Reflecting on the employer’s perspective on two decisions with national ramifications emanating from California last week, you have an unexpected victory from the Ninth Circuit on medical marijuana and an expected loss from the California Court of Appeal on the application of California law to a California-based officer of a Delaware corporation.
James v. City of Costa Mesa, 10-55769 (9th Cir. May 21, 2012) — The ADA Does Not Protect Medpot Users
The first of these decisions from the Ninth Circuit means that California employers are now free under state and federal law to prohibit marijuana use or possession in the workplace and working while under the influence. See also Ross v. Ragingwire Telecomms., Inc., 174 P.3d 200 (Cal. 2008) (no right to use or be under the influence of medical marijuana in the workplace under California disability discrimination laws).
In hearing a challenge to two California cities’ decisions to bar med-pot dispensaries within their borders, the Ninth Circuit in James held in a 2-1 vote that plaintiffs using medical marijuana under California law were not “individuals with disabilities” under the ADA and thus not entitled to its protections. Although the lawsuit was not an employment case, it nonetheless addressed the same definition of “individuals with disabilities” used in Title I of the ADA, the act’s employment provisions. Given a strong and reasoned dissenting opinion, one can expect a request for the Ninth Circuit to decide the matter en banc (through an 11-judge panel).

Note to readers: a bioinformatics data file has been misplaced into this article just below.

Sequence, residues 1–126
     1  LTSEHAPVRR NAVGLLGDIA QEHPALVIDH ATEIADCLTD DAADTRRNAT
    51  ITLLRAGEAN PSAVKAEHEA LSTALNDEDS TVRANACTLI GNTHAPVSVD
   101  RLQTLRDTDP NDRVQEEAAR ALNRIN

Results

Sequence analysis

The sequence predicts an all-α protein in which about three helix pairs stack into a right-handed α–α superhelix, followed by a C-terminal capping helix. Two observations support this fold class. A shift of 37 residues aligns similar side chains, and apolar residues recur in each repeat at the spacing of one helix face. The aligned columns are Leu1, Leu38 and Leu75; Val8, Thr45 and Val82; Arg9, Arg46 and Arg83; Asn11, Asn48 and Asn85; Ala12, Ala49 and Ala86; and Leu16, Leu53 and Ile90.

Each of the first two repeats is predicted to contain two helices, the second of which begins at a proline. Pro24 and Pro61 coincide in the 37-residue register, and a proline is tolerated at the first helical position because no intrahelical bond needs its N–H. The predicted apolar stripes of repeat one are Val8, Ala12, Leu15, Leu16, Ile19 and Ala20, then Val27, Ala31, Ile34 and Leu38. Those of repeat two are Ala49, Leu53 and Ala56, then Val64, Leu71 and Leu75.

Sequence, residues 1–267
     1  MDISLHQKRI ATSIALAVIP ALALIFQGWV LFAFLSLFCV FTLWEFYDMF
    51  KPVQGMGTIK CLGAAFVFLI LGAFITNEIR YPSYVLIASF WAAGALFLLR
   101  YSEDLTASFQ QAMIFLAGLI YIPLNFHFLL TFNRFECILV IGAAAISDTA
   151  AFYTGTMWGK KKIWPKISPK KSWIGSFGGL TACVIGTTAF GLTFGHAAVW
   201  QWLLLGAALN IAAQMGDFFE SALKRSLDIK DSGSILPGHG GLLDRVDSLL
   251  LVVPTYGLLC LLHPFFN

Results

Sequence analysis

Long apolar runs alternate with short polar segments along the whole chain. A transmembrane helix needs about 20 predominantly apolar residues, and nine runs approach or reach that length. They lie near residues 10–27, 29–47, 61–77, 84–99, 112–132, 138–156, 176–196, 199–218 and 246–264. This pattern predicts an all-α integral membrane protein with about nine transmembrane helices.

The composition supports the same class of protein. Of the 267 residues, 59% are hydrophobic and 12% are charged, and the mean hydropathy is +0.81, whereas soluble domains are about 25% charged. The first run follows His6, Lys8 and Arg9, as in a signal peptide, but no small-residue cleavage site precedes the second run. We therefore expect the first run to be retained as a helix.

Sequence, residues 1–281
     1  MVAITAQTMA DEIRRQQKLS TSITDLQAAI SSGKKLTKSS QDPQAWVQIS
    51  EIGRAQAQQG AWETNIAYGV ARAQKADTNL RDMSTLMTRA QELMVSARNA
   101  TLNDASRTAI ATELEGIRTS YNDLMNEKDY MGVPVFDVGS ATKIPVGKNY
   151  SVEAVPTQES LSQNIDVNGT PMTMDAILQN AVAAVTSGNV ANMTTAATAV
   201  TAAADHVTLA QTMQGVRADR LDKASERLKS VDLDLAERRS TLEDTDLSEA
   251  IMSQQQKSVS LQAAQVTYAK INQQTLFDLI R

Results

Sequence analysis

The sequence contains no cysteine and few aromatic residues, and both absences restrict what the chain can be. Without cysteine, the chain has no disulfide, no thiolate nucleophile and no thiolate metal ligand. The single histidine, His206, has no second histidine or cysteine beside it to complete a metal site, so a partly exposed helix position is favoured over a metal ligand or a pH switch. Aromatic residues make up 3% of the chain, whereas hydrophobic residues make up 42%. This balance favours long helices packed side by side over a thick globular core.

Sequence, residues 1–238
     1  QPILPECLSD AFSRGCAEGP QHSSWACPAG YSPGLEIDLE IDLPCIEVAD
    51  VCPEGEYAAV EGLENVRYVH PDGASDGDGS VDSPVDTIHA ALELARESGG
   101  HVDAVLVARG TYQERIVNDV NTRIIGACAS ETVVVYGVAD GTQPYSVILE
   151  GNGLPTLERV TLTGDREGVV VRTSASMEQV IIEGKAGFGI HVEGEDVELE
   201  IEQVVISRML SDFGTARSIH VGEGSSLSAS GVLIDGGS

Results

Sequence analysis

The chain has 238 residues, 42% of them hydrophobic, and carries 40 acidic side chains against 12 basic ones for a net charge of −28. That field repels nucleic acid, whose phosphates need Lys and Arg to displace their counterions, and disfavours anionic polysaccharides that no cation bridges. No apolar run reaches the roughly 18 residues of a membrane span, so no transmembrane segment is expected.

Lidow v. Superior Court (International Rectifier Corp.), B239042 (Cal. Ct. of App. May 23, 1012) — California Law Applies to Wrongful Discharge Claim of Corporate Officer
The second decision was far less surprising. There, a California court held that California law applied to the discharge of a Delaware corporation’s California-based CEO, despite the so-called “internal affairs” doctrine. Under that doctrine, matters involving a corporation’s “internal affairs” are governed by the law of the state of incorporation. In an acknowledged case of first impression, the Court of Appeal held that an employer’s discharge of its CEO for complaining about the company’s harmful or unethical policies was not an “internal” corporate matter and should be governed by California law. While it left open the possibility that another basis for discharge may invoke application of the doctrine, it is hard to imagine a circumstance where a California-based CEO or other corporate officer/employee would not be able to claim protection under California’s highly-protective, employee-friendly laws. The Court also rejected, on summary adjudication, the claim that the CEO was not an “employee” and merely an “officer.”
Corporations with California-based officers who may also be seen as employees should consider taking steps to prevent their identification of these officers as employees.